Gyða Valtýsdóttir is best known as a sometime member of múm. But after several years spent off the radar pursuing low-key projects and collaborations, she’s back with a new album: ‘Epicycle’.
Her time away from the Icelandic music scene was spent getting her master’s degree in classical cello, followed by a few years travelling the world. As she explains in a recent interview with The Grapevine, these nomadic years were imperative to the creative process behind ‘Epicycle’—her time on the road was spent having adventures, collaborating with friends, and recording the music that would eventually form the album. It clearly worked—’Epicycle’ has since been nominated for The Icelandic Music Awards’ 2016 Album Of The Year.
‘Epicycle’ is an ode to Gyða’s classical studies. It is essentially a ‘covers album’, each track being inspired by various pieces of music from the past 2000 years. Gyða recently went through her album with us, detailing the inspiration behind each track: from “Seikilos Epitaph”, the oldest surviving composition excavated from a tomb in Turkey, to “Louange à l’Éternité de Jésus”, composed by Olivier Messiaen during his time as a PoW in WWII. Gyða’s music remarkably manages to give us a glimpse into the past, whilst still feeling like it belongs to now. It’s evocative, moving, and reminds you that the power of music transcends time and space.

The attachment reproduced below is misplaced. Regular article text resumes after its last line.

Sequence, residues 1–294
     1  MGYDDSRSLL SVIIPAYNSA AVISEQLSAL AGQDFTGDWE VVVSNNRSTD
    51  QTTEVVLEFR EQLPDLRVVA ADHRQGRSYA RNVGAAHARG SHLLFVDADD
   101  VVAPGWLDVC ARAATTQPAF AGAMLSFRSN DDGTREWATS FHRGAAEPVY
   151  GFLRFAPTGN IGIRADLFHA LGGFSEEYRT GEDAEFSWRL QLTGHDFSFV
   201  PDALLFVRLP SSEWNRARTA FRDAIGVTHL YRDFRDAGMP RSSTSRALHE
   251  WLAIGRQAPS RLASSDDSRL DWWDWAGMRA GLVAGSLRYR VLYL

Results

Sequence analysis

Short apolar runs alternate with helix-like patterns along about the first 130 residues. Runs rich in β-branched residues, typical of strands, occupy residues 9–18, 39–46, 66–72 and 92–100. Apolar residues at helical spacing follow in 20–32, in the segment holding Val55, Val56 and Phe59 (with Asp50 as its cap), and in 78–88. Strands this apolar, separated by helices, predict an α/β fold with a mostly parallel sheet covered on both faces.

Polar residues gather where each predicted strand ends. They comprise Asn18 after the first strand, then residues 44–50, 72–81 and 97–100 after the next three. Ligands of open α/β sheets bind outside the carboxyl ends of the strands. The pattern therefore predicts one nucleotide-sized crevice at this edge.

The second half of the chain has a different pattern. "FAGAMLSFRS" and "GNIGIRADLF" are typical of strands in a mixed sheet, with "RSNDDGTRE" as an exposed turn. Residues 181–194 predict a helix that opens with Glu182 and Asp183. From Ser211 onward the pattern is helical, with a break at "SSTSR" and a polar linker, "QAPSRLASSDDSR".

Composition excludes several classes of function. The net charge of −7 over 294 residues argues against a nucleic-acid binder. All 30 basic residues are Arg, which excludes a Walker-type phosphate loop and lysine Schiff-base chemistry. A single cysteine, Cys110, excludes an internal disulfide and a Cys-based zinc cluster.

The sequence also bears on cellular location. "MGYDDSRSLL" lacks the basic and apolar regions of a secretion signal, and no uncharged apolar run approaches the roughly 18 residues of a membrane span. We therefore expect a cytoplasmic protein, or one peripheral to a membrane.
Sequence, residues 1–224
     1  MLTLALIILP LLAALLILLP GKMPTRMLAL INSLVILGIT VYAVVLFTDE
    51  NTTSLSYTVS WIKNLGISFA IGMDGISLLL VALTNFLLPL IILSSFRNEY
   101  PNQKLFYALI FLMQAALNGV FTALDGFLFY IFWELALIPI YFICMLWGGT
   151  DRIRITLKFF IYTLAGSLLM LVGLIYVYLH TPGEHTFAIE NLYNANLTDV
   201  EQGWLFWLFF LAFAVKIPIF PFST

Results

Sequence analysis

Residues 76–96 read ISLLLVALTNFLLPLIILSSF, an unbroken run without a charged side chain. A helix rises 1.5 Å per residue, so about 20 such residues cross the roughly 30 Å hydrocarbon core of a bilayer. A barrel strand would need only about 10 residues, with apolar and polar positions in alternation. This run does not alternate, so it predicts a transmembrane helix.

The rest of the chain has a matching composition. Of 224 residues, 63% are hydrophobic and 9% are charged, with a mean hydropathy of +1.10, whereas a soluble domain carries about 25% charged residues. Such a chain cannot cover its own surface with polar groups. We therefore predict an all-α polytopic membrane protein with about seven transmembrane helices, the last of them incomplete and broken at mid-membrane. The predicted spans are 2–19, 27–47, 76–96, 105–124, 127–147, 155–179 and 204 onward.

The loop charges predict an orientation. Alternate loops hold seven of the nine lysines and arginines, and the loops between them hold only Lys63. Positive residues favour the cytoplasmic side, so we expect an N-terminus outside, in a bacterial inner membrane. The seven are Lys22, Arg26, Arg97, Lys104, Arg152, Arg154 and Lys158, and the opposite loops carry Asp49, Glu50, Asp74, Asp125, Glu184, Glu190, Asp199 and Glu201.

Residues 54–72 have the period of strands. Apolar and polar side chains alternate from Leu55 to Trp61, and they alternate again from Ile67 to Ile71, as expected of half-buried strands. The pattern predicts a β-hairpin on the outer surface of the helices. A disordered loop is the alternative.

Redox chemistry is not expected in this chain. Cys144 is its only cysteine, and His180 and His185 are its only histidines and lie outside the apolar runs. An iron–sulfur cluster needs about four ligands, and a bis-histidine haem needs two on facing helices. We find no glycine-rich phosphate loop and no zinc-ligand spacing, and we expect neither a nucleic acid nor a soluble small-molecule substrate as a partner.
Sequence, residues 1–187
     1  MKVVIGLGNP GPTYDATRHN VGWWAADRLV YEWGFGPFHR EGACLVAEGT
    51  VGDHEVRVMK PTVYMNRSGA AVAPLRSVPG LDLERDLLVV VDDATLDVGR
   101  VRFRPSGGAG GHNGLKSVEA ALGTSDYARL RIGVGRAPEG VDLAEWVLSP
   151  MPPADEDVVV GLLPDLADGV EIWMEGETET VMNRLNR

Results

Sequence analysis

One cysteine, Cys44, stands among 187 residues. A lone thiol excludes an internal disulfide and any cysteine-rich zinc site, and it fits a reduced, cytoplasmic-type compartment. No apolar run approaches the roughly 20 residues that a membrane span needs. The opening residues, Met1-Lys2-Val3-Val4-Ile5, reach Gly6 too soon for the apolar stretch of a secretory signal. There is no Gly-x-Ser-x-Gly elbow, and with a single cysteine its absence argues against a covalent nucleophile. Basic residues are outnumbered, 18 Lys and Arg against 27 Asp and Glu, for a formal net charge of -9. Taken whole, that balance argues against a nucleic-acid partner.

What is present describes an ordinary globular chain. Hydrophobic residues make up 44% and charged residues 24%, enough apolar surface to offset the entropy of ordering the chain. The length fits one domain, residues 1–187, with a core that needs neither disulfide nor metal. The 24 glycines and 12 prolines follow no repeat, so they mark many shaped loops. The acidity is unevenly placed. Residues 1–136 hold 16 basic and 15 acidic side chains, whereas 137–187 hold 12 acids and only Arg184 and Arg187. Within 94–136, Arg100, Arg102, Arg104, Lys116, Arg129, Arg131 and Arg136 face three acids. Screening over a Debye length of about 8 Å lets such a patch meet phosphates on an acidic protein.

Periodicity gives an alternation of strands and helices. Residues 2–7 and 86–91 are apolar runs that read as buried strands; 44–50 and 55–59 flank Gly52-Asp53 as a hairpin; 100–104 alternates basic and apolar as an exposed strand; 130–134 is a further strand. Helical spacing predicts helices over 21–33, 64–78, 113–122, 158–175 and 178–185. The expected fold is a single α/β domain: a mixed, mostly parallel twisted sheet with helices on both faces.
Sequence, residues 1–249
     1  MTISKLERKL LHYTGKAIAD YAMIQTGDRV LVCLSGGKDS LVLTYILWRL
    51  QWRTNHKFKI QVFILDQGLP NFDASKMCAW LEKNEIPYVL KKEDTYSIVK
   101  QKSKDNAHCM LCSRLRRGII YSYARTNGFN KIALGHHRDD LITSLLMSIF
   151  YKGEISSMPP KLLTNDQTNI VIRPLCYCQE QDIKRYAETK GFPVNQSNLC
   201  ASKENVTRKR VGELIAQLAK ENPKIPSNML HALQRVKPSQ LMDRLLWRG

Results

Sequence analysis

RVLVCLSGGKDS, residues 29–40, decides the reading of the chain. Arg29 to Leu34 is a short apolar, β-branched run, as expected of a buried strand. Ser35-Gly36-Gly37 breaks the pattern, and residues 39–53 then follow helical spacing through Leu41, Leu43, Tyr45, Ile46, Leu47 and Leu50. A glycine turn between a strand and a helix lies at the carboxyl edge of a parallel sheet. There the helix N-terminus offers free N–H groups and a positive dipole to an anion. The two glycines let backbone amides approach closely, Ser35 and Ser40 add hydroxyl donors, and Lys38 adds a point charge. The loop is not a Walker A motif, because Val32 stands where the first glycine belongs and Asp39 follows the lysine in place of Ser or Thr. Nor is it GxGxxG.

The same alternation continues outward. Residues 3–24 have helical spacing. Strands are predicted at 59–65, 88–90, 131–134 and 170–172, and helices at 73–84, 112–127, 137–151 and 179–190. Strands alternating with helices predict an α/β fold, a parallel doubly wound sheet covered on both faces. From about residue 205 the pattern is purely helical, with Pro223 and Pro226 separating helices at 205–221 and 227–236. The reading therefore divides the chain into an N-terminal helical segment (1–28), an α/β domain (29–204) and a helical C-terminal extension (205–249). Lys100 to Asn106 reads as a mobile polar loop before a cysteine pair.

The release concert on March 3 will see her playing cello and lead vocals, but she also has a wealth of talent accompanying her: Shahzad Ismaily on guitar, Julian Sartorius on drums, Júlía Morgensen, Frank Aarnink, and Óli Björn Ólafsson on crystal glasses and percussion, and Kristín Anna and Ásthildur Valtýsdætur (Gyða’s sisters) on backing vocals. All this in a church with the Kórus choir means that it’s sure to be an otherworldly and beautiful performance.